Series: Cracking the LSAT

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Works (11)

Cracking the LSAT, 2001 Edition by Adam Robinson2001
Cracking the LSAT, 2003 Edition by Adam Robinson2003
Cracking the LSAT with Sample Tests on CD-ROM, 2004 by Princeton Review2004
Cracking the LSAT, 2005 Edition by Princeton Review2005
Cracking the LSAT, 2006 Edition by Princeton Review2006
Cracking the LSAT, 2007 Edition by Princeton Review2007
Cracking the LSAT, 2008 Edition by Princeton Review2008
Cracking the LSAT, 2009 Edition by Princeton Review2009
Cracking the LSAT, 2010 Edition by Princeton Review2010
Cracking the LSAT, 2011 Edition by Princeton Review2011
Cracking the LSAT, 2012 Edition by Princeton Review2012

Related tags


  1. Kaplan LSAT 2007 Premier Program by Kaplan (2006)
  2. The Next 10 Actual, Official LSAT PrepTest by Wendy Margolis (1994)
  3. Nova's Master the LSAT by Jeff Kolby (2001)
  4. The PowerScore LSAT Logical Reasoning Bible by David M. Killoran (2004)
  5. Peterson's Lsat Success: 1997 (Serial) by Thomas O. White (1997)
  6. Barron's LSAT by Jerry Bobrow (2007)
  7. Cracking the GRE by Princeton Review (1997)
  8. How to Prepare for the GRE with CD-ROM by Sharon Weiner Green (2000)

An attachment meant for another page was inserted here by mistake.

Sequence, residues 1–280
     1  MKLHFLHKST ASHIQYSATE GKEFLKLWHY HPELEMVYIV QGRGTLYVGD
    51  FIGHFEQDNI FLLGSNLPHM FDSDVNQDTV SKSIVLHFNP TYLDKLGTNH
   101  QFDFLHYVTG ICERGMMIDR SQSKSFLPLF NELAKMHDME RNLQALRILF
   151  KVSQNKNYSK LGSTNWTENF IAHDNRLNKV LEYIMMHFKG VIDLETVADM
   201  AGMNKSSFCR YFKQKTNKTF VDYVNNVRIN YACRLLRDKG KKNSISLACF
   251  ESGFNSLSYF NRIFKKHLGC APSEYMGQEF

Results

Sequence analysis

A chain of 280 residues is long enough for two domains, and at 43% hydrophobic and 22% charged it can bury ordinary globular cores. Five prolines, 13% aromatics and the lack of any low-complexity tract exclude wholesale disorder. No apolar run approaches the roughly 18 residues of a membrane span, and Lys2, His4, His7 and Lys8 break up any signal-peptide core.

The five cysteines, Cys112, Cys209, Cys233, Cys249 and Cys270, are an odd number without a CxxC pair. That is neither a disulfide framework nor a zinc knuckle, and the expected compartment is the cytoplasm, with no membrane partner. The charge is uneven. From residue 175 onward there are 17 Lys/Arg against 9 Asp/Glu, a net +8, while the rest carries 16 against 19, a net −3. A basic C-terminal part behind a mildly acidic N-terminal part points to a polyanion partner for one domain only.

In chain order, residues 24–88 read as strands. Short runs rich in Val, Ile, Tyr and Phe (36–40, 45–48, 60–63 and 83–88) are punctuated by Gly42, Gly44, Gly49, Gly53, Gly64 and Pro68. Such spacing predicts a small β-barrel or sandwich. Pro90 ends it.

9. McGraw-Hill's LSAT, 2014 Edition by Russ Falconer (2013)
  10. Kaplan LSAT Logic Games Strategies and Tactics by Glen Stohr (2011)
  11. The Official SAT Study Guide by The College Board (2004)
  12. LSAT For Dummies by Amy Hackney Blackwell (2005)
  13. Princeton Review: Cracking the LSAT with Sample Tests on CD-ROM, 2000 Edition (Cracking the Lsat With Sample Tests on CD by Adam Robinson (1999)
  14. Pass Key to the LSAT by Jerry Bobrow (1993)
  15. The Complete Guide to Graduate School Admission: Psychology, Counseling, and Related Professions by Patricia Keith-Spiegel (1990)

Series description

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How do series work?

To create a series or add a work to it, go to a "work" page. The "Common Knowledge" section now includes a "Series" field. Enter the name of the series to add the book to it.

Works can belong to more than one series. In some cases, as with Chronicles of Narnia, disagreements about order necessitate the creation of more than one series.

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What isn't a series?

Series was designed to cover groups of books generally understood as such (see Wikipedia: Book series). Like many concepts in the book world, "series" is a somewhat fluid and contested notion. A good rule of thumb is that series have a conventional name and are intentional creations, on the part of the author or publisher. For now, avoid forcing the issue with mere "lists" of works possessing an arbitrary shared characteristic, such as relating to a particular place. Avoid series that cross authors, unless the authors were or became aware of the series identification (eg., avoid lumping Jane Austen with her continuators).

Also avoid publisher series, unless the publisher has a true monopoly over the "works" in question. So, the Dummies guides are a series of works. But the Loeb Classical Library is a series of editions, not of works.


AnnaClaire (18)
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